California Withholding laws & HR compliance analysis

California Withholding: What you need to know

All California employers are required to deduct the amount of personal income tax (PIT) reasonably estimated to be due from wages of both resident and nonresident employees.
Employer. An employer is a person or legal entity that hires one or more persons to work for a wage, a salary, or other compensation. Employers include sole proprietors, partnerships, corporations, nonprofit and charitable organizations, limited liability companies, limited liability partnerships, public entities (including state and federal agencies), schools, associations and trusts, estates, joint ventures, and Indian tribes.
Employee. An employee includes any officer of a corporation; any worker who is an employee under the usual common-law rules; and any worker whose services are specifically covered by law. An employee may perform services on a temporary or less-than-full-time basis. The law does not exclude services from employment that are commonly referred to as day labor, part-time help, casual labor, temporary help, probationary, or outside labor.
Withholding may be based on either:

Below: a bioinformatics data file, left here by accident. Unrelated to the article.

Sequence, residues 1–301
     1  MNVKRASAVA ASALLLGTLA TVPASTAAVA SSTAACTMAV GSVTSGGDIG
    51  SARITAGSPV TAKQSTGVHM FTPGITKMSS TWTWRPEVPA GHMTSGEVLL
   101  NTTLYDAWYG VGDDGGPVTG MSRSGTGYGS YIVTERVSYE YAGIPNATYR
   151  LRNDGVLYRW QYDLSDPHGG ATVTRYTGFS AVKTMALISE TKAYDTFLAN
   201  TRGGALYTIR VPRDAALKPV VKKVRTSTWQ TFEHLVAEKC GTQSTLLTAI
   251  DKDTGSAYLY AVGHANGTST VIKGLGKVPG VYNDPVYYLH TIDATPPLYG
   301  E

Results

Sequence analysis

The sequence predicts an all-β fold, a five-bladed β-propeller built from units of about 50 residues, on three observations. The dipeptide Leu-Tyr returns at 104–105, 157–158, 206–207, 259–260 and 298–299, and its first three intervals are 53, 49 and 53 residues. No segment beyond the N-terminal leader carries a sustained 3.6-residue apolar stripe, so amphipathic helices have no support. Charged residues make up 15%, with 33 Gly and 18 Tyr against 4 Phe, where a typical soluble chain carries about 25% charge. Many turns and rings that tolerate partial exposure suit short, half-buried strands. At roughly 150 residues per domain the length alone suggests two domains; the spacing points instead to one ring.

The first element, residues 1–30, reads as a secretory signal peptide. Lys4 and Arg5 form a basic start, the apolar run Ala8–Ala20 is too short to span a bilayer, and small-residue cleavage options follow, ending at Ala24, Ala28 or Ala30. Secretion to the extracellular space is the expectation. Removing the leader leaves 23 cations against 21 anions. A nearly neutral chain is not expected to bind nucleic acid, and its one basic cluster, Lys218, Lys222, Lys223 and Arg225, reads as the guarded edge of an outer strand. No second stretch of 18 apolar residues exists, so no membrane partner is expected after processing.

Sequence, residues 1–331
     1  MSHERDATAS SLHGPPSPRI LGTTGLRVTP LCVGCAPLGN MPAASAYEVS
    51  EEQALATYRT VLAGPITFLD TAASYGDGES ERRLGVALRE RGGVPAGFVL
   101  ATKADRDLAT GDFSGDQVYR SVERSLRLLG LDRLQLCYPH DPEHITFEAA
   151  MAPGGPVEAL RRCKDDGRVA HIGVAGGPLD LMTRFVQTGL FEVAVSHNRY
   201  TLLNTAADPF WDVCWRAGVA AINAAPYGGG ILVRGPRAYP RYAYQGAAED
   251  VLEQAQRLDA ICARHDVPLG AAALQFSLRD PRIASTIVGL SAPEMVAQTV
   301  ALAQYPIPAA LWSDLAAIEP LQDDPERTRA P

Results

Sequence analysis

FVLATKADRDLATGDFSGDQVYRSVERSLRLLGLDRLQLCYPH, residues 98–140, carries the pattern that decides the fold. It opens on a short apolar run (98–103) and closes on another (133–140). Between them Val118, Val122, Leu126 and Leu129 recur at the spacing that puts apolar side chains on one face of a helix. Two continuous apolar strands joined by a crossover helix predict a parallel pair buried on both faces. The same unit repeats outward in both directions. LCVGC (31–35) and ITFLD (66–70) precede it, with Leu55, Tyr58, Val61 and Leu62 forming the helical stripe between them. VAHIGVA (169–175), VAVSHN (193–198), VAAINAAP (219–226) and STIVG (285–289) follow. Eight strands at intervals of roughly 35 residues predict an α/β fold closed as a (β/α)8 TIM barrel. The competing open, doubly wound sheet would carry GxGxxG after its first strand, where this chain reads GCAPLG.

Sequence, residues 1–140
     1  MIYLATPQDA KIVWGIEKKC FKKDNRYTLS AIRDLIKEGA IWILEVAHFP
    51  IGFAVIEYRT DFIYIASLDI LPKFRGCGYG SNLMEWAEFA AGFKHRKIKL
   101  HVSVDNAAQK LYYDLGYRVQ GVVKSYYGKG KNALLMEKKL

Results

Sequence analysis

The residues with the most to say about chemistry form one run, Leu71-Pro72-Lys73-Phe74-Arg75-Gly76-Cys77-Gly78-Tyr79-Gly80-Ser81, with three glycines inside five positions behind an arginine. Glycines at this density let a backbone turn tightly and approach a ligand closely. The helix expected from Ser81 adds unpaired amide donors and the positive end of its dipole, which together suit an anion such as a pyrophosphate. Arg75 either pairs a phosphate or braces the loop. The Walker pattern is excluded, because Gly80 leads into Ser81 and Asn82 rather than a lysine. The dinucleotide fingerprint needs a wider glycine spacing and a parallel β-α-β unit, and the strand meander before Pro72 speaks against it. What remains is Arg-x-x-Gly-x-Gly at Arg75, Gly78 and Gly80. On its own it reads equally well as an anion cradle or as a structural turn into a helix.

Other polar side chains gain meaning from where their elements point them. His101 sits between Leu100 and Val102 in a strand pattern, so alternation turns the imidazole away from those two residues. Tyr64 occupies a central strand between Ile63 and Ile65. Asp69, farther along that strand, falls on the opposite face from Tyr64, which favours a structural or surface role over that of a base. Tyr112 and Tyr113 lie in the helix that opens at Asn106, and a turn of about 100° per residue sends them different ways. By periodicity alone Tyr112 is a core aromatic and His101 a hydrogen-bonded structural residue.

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• Wage bracket withholding tables provided by the Employment Development Department (EDD); or
• The exact calculation method.
State employers become subject to state employment taxes once they have paid more than $100 in wages taxable in California in a calendar quarter.
Withholding applies to wages of residents, regardless of where earned, and wages of nonresidents for income earned in California. Generally, employees who are subject to federal income tax withholding are also subject to PIT withholding. Agricultural, domestic, and most other employees who are exempt from federal withholding are also exempt from state ...

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